Bloggers fit within a social network based upon their interests and vantage points. People interested in similar ideas, concepts, and products read blogs in order to understand and obtain additional information. 

The collection of likeminded individuals in a social network helps companies sell products and ideas. The same process that exists in face-to-face communication is similar in the online world. Bloggers become opinion generators that foster or squash products in their social network. 

Word of Mouth (WOMM) in online media is a secondary but significant source of developing opinions about products and services that can have an influence on public opinion and purchasing behavior. The researchers found in their study of 80 bloggers that they are not only social networks that use communal vs. commercial norms but they also become opinion generators based on trust, friendship, and alliances.  Bloggers as opinion generations can 1.) communicate the message; 2) stake reputation on the marketing message; and 3) convert the message into language, substance and tone that their readers understand.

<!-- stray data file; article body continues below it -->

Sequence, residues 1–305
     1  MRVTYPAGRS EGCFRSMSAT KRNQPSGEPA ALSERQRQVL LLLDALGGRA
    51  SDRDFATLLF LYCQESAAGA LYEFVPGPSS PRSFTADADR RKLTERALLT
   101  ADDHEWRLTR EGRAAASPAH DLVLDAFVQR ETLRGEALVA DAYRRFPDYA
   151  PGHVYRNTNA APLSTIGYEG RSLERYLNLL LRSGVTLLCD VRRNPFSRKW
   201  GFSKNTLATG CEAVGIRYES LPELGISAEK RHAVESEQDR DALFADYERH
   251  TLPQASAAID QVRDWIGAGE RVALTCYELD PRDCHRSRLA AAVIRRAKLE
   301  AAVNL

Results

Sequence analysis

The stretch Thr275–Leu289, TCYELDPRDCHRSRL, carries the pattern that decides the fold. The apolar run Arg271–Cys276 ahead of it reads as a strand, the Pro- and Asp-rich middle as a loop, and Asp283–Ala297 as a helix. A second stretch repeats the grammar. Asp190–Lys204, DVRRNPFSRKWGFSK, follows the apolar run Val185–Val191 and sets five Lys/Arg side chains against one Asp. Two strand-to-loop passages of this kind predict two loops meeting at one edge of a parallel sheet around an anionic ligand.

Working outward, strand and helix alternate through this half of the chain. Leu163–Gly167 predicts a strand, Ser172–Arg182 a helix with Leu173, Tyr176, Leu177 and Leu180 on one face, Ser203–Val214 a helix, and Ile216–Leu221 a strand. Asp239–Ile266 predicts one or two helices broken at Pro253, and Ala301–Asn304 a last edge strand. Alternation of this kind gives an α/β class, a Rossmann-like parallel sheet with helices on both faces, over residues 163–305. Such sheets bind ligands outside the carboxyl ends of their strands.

Kozinets, R. et. al. (2010). Networked narratives: understanding word-of-mouth marketing in online communities. Journal of marketing, 74 (2). 

PQ Media (2009). Exclusive PQ Media Research: Despite Worst Recession in Decades, Brands Increased Spending on Word-of-Mouth Marketing 14.2% to $1.54 Billion in 2008 retrieved from

Saturday, June 21, 2014

The Effectiveness of Push vs. Pull in Online Marketing